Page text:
• 4 Among the findings in the recent CDC Health Disparities and Inequalities Report is that, if non-Hispanic Blacks had had the same adjusted rate of preventable hospitalizations as non-Hispanic Whites from 2004 to 2007, it would have resulted in about 430,000 fewer hospitalizations for non-Hispanic Blacks and $3.4 billion in savings. (
  • As a way of combating this growing health crisis, researchers have attempted to develop comprehensive strategies to manage chronic disease and to deliver improved chronic disease care. (
  • Within existing health system structures the active strategies that facilitate effective partnership linkages are not clear. (
  • Studies that used multiple linkage strategies from the suite of "direct collaborative activities" plus "agreed guidelines" plus "communication systems" showed positive clinical (81%), service (78%) and economic (75%) outcomes. (
  • Strategies were compared in terms of costs and effectiveness at reaching key population groups. (
  • The expanded chronic care model: An integration of concepts and strategies from population health promotion and the chronic care model. (
  • Research on strategies to help young people overcome sexual exploitation , for the DfE. (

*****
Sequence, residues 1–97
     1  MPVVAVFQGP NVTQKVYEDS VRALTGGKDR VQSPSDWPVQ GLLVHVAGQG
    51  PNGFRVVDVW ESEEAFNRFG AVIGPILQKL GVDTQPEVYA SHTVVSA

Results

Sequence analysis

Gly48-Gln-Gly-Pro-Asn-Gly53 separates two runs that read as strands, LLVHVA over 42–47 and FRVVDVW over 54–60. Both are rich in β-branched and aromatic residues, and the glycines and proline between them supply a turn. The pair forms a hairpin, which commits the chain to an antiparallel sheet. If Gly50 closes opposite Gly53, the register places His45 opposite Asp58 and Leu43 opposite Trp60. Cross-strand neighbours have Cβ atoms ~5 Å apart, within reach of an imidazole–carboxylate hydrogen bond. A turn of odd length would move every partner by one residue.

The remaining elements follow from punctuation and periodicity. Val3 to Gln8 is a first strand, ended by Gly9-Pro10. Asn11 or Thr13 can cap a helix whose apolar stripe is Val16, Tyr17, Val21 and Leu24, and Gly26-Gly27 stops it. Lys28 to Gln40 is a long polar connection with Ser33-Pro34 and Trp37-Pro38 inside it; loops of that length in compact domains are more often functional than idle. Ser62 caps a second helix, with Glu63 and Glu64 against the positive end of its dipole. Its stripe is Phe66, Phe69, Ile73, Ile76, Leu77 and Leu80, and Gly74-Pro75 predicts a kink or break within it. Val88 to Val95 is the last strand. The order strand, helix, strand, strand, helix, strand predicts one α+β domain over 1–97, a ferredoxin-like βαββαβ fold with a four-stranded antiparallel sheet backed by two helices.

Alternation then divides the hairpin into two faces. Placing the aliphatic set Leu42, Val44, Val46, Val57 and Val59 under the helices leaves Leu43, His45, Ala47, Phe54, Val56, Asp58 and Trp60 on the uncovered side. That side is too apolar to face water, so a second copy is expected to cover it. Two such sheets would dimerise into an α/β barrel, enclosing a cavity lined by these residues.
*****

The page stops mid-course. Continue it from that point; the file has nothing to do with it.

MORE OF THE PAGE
• The Boston Consulting Group in its white paper "Competing on Outcomes Winning Strategies for Value-Based Health Care" articulates the point that "transparency of patient results can align incentives so that payers, providers, suppliers, and patients all work towards the same goal. (
  • Comparative studies were included if they assessed the effectiveness or cost-effectiveness of strategies to identify students in formal education aged 3-18 years with MHD, presenting symptoms of mental ill health, or exposed to psychosocial risks that increase the likelihood of developing a MHD. (
  • The International Consortium for Health Outcomes Measurement (ICHOM) is a non-profit organization founded by the Boston Consulting Group, Michael Porter's Institute for Strategy and Competitiveness at Harvard Business School, and the Karolinska Institutet with the purpose of transforming the health care systems worldwide by measuring and reporting patient outcomes in a standardized way. (
  • The Chest Pain Unit (CPU) has been developed to improve care and reduce costs for patients with acute chest pain. (
  • The main analysis from the ESCAPE multicentre trial [ 3 ] showed that the introduction of CPU care across a range of hospitals: 1) Did not alter the proportion of patients admitted, 2) Was associated with increased reattendances and subsequent admissions and 3) May have been associated with increased numbers of patients attending with chest pain. (